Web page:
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Stop Banning Pit Bulls

Lately I’ve been seeing quite a few people on my friends list sporting support statuses for pit bull dogs. Most of them are doing it through the “Trying to Get 1 Million Strong AGAINST the Ban on Pitbulls” Fan Page. The page cites a concern for the population of homeless pit bulls, and that the public remains uneducated about the dogs in general.

Granted, I’ve had my own fears about pit bulls—but not until recently. Since I’ve become a mother, I constantly see threats to my daughter everywhere I look, and many of those have included dogs. Even when we go to a function and a tame dog is present—one who is even trained as a therapy dog, even, as our library hosts on a monthly basis—I can’t relax until she’s not next to the dog again. I was bitten by a small dog at a young age, but I still loved dogs all my life—including the dog that bit me, as she rightly so should have considering I was squeezing her in a “hug”! There’s just something about being a mom, I guess, that makes you see danger in more places than you normally might.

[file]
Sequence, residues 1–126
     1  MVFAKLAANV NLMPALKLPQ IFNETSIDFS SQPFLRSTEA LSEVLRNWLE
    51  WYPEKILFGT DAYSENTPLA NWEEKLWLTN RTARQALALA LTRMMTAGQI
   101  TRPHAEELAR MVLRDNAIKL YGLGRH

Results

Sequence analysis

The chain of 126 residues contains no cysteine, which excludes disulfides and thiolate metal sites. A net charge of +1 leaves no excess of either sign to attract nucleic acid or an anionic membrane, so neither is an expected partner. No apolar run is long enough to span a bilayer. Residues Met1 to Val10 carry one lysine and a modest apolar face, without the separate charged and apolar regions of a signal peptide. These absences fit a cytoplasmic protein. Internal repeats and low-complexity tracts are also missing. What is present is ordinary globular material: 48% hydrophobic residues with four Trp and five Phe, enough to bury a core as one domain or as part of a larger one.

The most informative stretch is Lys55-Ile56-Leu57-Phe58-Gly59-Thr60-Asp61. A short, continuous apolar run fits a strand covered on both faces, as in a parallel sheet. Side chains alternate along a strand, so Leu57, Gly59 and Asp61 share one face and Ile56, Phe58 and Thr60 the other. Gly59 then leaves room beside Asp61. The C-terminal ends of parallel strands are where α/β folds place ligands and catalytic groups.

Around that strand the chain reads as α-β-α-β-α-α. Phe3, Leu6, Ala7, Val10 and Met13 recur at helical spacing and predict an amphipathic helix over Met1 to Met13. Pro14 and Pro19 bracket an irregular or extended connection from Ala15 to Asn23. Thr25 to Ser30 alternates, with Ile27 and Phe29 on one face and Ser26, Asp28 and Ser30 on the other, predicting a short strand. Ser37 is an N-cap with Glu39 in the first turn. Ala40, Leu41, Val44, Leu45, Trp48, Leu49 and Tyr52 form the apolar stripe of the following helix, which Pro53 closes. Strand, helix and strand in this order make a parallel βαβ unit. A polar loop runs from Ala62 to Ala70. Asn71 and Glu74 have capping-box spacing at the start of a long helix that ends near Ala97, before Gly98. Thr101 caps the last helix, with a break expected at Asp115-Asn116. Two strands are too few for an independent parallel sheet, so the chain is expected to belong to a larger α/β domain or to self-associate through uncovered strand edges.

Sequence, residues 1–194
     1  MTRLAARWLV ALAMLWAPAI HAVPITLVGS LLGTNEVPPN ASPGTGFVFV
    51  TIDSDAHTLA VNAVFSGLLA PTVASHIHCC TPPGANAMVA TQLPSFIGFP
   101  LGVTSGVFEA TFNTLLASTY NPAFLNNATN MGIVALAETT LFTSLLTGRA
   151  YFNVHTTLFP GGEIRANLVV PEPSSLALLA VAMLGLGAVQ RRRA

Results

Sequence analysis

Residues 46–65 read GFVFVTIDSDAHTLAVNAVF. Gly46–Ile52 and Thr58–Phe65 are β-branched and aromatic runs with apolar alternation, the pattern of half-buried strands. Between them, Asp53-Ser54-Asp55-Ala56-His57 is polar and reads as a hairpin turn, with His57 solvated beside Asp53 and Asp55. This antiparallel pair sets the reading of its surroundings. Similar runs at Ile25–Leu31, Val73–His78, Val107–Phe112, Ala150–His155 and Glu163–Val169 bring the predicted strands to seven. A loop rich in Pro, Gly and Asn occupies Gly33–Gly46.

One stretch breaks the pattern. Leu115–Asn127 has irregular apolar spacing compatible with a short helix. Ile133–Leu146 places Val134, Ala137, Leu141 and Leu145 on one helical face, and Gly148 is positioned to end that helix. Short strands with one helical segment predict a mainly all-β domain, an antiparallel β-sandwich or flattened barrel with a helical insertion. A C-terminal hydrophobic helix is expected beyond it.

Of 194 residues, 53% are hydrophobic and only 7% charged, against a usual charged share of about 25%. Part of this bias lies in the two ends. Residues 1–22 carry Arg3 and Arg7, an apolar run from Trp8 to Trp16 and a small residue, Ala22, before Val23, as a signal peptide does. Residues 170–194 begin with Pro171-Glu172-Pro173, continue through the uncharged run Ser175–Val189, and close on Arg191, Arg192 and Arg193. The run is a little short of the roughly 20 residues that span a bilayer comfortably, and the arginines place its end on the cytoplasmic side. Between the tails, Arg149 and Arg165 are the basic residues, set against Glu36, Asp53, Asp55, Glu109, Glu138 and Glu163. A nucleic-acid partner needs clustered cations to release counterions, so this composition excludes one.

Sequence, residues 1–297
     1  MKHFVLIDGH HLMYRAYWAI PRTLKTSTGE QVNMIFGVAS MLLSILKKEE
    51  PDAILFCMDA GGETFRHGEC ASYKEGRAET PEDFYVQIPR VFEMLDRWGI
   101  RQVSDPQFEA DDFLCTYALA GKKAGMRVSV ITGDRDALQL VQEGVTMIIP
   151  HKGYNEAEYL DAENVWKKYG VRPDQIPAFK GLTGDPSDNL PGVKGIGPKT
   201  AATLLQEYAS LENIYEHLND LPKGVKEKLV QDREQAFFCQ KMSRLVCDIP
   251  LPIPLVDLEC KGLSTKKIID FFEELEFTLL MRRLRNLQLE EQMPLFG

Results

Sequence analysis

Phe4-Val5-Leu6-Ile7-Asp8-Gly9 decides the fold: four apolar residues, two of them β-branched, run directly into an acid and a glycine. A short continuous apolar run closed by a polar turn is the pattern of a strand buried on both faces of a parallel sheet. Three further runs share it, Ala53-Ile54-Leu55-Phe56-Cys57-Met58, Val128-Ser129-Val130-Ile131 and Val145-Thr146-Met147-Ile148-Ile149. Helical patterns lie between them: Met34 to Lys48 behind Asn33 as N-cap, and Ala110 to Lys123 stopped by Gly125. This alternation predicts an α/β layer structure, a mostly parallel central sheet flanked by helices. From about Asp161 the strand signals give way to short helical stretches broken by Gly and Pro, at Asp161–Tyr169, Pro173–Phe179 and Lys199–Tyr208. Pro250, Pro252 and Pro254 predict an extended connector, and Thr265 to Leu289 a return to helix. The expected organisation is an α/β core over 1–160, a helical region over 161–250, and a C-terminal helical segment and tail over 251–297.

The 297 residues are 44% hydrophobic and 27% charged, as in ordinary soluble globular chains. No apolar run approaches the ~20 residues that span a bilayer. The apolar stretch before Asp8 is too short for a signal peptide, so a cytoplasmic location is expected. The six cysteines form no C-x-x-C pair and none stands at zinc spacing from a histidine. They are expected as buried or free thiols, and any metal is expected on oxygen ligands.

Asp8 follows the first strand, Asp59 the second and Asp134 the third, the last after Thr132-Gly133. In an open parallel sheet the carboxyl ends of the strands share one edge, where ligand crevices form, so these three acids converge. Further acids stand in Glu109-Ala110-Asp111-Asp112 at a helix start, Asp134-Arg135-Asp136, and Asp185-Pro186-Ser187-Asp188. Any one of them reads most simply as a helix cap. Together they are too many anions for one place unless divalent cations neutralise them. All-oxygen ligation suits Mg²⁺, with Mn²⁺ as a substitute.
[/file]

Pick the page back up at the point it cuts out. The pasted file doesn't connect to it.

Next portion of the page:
But I went ahead and joined the group against pit bull bans because supporting the dogs is really the right thing to do. Any dog can be nice; any dog can be mean. Much of it depends on ownership. I know I’ve heard of plenty of dogs going rogue before and biting people out of nowhere, but most stories like that stem from mistreatment of the dog at some point. I’ve also seen poor abused dogs and how they act—my aunt rescued one from a shelter who constantly cowered and wouldn’t even lick a person’s hand for years until she was comfortable with her new home. It’s a sad thing indeed, and banning a dog simply results in more sad shelter dogs or homeless pets without a loving home—in short, inhumane treatment of the animals.

People should be allowed to adopt whatever kind of domestic dog they like. (I’m not advocating for dingo adoption here.) If Dobermans, chows and other dogs who are known to sometimes be violent can be adopted, why not pit bulls? The responsibility should, however, remain in the hands of the dogs’ owners—meaning if something bad does happen, they should be responsible. Dog training and obedience courses should also be taken by any dog owner, whether he or she has a pit bull or a tiny terrier in the family.

Personally, I don’t see the attraction to pit bulls in particular—just like I don’t see the attraction to many breeds. I’m primarily a cat person, though I do have a soft spot for some dog breeds. That doesn’t matter here. What matters is that every domesticated animal deserves companionship; as humans, we’ve ensured that they even need it by breeding them and making them depend on us. So it’s up to us to take care of them, no matter what breed they are.